Policy & Planning
August 17, 2018

Data Overload: Housing Vancouver Strategy Data Book 2018

You want data on housing?  The City has data on housing – 150 pages worth.

And hence the problem.  Who is going to skim that amount of information, much less take the time to find the specific data they need if it’s not searchable on something other than a dense pdf document?  For that matter, for a topic on everyone’s tongue, how many people even know there is a “Housing Vancouver Strategy”, much less what it aims to achieve?

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John Atkin lives in the architectural and heritage weeds.  As an historian and city insider, he knows the details on how this city has changed.  Here, for instance, is an excerpt by John (with Elana Zysblat, James Burton and Denise Cook) from the West End Heritage Context Statement for the West End plan. 

This section provides a summary of zoning changes in the West End as new forms of development emerged, particularly the highrise tower, and how the city planners both encouraged and responded to redevelopment.  (I’ve added the illustrations.)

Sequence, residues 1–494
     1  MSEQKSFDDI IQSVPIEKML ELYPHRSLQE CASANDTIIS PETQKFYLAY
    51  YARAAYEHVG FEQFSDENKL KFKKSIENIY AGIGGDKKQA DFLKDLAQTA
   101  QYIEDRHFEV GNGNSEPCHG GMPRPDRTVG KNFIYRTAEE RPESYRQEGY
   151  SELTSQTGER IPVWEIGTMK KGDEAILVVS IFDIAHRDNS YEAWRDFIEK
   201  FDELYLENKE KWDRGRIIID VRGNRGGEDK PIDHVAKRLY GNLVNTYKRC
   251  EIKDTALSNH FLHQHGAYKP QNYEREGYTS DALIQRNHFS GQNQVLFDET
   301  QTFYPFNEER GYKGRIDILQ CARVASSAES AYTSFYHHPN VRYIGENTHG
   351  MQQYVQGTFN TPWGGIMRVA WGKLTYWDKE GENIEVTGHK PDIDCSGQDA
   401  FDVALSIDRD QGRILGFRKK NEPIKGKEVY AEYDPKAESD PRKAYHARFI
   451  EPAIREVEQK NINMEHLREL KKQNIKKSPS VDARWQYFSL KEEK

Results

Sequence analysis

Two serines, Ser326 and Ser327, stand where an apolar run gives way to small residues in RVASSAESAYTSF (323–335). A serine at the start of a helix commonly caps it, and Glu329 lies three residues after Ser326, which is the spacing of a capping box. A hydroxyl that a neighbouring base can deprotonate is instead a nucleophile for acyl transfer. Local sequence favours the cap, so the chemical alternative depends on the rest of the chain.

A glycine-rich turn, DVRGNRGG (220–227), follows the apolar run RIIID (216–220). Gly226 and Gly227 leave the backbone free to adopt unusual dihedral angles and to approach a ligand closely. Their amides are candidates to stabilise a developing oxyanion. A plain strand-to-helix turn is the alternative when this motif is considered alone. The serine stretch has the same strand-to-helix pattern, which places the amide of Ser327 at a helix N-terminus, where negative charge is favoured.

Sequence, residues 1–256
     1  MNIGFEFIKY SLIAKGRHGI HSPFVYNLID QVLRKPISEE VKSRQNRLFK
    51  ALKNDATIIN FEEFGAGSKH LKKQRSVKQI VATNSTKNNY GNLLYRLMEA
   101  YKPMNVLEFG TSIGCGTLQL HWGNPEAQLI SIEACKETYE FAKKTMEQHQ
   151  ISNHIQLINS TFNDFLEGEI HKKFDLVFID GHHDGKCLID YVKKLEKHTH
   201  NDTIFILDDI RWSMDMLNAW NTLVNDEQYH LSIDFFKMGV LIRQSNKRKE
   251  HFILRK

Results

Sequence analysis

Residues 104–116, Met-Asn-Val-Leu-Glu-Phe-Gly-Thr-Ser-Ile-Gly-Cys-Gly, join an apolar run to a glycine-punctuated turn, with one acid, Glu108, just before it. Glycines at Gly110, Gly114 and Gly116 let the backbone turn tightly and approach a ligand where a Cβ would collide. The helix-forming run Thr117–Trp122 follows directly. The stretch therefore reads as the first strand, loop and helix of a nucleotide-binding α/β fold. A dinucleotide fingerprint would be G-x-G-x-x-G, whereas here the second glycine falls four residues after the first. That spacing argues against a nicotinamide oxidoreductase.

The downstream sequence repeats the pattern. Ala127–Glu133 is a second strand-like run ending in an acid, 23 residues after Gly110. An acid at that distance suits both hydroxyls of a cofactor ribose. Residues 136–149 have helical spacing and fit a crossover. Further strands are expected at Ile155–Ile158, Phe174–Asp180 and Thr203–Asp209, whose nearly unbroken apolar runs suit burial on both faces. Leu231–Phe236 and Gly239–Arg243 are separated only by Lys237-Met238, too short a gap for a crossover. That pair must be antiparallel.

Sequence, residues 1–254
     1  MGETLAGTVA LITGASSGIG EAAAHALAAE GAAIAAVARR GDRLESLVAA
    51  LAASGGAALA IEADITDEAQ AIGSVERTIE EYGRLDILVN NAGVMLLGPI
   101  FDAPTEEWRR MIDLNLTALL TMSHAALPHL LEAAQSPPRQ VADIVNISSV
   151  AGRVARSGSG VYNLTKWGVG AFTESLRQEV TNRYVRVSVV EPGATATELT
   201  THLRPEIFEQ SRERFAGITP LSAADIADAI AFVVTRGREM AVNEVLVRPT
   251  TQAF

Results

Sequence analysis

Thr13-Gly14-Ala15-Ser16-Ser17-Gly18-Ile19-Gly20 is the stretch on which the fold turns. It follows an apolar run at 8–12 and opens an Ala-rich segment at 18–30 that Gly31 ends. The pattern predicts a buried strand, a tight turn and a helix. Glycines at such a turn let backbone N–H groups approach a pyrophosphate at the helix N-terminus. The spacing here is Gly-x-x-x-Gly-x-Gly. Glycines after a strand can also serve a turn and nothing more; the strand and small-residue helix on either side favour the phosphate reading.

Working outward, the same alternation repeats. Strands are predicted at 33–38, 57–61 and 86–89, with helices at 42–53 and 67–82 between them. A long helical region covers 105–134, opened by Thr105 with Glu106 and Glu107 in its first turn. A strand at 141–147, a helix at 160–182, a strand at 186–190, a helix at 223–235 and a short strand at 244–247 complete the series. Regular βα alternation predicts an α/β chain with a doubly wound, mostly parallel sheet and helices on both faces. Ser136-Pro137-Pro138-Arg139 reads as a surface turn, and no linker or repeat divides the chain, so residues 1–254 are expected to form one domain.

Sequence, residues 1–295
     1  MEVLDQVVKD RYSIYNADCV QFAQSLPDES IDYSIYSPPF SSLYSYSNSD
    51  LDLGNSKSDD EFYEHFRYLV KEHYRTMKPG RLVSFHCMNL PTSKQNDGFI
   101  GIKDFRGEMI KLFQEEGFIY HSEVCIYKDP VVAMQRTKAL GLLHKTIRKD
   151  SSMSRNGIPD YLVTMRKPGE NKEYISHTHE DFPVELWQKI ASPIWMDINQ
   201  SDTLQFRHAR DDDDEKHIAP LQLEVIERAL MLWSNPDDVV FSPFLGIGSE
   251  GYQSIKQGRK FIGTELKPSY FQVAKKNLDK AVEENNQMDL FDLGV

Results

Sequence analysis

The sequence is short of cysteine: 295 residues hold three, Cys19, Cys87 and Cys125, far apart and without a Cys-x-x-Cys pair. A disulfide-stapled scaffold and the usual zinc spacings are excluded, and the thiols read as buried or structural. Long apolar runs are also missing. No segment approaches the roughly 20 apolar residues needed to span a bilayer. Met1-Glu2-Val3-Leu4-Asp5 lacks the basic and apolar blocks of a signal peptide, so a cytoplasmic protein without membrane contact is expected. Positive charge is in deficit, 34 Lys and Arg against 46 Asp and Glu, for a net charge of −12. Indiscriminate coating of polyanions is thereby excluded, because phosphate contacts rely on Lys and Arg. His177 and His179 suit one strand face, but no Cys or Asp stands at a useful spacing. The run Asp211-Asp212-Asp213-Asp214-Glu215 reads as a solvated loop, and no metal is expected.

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Dianna took a close look at this graphic on a utility box when at the Mt Pleasant Mural Fest:

“Where’s the crow?” she asked.  How could a “Birds of Vancouver” not have a crow (especially when it looks like one may become the popular ambassador of this city, as reported by CBC)?

Then when out cycling, she noticed something else.  “We rode the Arbutus today and I made a discovery. Apparently the scarecrows (for the community gardens) have a strong labor union because they’ve taken off for the summer. Or maybe they were in a dressing room changing their clothes?”

Very suspicious.